Going through uncomfortable situations as an observer is what I have done for 30 years–on purpose. As a therapist it is what you do. Going through emotions with someone is not always easy, but if you’ve sorted through enough of your own emotional baggage it can be done without losing objectivity or too much wrenching of the heart.
However when you are a bystander who is emotionally connected it is another story. Especially when you are powerless.
I was thinking and feeling this the other morning; I felt like I was getting sick. I worry a lot about the effects of shame, my own early years were riddled with it. It can undo everything good a child feels or believes about himself–cripple you for life. So I went back to bed and muddled around in feelings until I turned to God.
He reminded me that He has nothing perfect to wotk with here and He still brings people through this alley of suffering intact. Then He turned my mind to empathic connection. Researcher Brene Brown says it is the one place shame can’t survive. But what is empathic connection?
I think it is mostly listening and validating feelings, and then redirecting. But how does one get to that when people aren’t coming to you? I’ve always had that advantage. Well, not always; I was (am) a step parent, with just enough experience to know how hard it is.
Now I’ve been watching my daughter with her own four boys. She never used to yell. But now that she is “more real instead of trying to be perfect,” she is yelling a lot. I get to stay with my four grandsons aged 13-3 while she is having her first daughter. Last time she had a baby I stayed with the three and I yelled.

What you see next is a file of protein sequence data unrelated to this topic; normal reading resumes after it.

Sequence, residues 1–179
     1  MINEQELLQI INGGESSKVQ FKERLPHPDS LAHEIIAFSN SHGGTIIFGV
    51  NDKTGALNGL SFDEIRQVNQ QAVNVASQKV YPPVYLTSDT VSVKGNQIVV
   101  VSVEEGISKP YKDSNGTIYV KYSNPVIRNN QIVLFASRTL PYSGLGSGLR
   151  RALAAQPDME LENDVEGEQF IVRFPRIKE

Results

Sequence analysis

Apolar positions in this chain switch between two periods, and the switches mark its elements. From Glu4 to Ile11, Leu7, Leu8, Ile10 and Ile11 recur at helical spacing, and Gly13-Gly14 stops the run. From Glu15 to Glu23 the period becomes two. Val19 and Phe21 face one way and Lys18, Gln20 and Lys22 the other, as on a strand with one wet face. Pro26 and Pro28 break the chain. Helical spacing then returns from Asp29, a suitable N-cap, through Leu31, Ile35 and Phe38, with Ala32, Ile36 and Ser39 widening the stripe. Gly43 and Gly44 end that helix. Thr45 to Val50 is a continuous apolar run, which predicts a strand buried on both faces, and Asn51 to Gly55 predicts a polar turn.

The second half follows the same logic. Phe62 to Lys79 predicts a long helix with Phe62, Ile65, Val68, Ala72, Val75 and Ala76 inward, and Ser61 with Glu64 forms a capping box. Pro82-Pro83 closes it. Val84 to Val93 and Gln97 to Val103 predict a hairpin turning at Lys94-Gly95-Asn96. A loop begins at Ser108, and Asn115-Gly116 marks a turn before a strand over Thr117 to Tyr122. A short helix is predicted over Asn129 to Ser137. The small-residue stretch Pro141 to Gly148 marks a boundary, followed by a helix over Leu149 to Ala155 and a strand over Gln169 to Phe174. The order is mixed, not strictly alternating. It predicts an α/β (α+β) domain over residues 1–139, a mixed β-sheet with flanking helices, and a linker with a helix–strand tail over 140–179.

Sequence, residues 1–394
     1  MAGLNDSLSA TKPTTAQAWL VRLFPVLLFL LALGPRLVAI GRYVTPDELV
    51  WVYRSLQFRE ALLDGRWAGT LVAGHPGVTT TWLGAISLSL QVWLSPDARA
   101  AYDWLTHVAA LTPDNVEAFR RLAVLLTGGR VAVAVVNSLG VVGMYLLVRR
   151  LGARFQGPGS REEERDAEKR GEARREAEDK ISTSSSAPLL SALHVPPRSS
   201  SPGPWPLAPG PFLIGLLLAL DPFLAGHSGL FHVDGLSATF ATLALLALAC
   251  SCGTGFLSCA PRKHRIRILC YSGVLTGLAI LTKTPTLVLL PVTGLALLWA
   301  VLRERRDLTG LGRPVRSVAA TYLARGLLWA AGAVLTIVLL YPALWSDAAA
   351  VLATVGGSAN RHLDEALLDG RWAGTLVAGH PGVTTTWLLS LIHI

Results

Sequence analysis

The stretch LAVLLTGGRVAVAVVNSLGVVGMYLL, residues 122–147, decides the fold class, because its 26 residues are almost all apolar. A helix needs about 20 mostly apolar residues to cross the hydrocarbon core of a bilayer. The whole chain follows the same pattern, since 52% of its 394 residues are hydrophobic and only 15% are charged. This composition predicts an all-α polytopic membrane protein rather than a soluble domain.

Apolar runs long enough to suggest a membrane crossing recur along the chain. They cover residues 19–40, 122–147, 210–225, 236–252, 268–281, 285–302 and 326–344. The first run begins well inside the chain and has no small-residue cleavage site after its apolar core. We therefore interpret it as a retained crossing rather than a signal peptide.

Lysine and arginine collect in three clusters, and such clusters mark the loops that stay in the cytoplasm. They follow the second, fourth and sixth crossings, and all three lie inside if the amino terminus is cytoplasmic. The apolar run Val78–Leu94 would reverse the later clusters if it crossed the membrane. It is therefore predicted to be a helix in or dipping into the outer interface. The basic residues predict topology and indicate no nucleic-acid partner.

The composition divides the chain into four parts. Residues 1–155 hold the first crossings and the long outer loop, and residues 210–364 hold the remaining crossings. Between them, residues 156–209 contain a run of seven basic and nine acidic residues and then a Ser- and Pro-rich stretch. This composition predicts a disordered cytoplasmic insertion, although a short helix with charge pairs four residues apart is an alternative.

Then a year ago I baby sat for a couple of hours with all four, and this time I was determined not to yell, but to act. Of course they tested me and I think it actually was worse. (My opinion; and being in the middle of it, I could be wrong. They still love me.)
I’ve written about shame before, but in case you missed that, shame is the feeling that you are not good enough. It is communicated easily through tones or looks of judgment or disgust.
I’m apparently very good at both when I’m being “real,” having inherited it. I’ve been horrified to learn it and I hate it. So I’m a little uneasy going into this task which I wouldn’t think of refusing.
A lot of parents have been afraid and opted to skip discipline in favor of empathic connection. But that isn’t good either. Children with no boundaries grow up insecure or with little concept of reality, and are poorly prepared for life.
It seemed like New Years Eve was a good time to do a little soul-searching and vulnerable sharing. I’ll let you know how my dilemma turns out.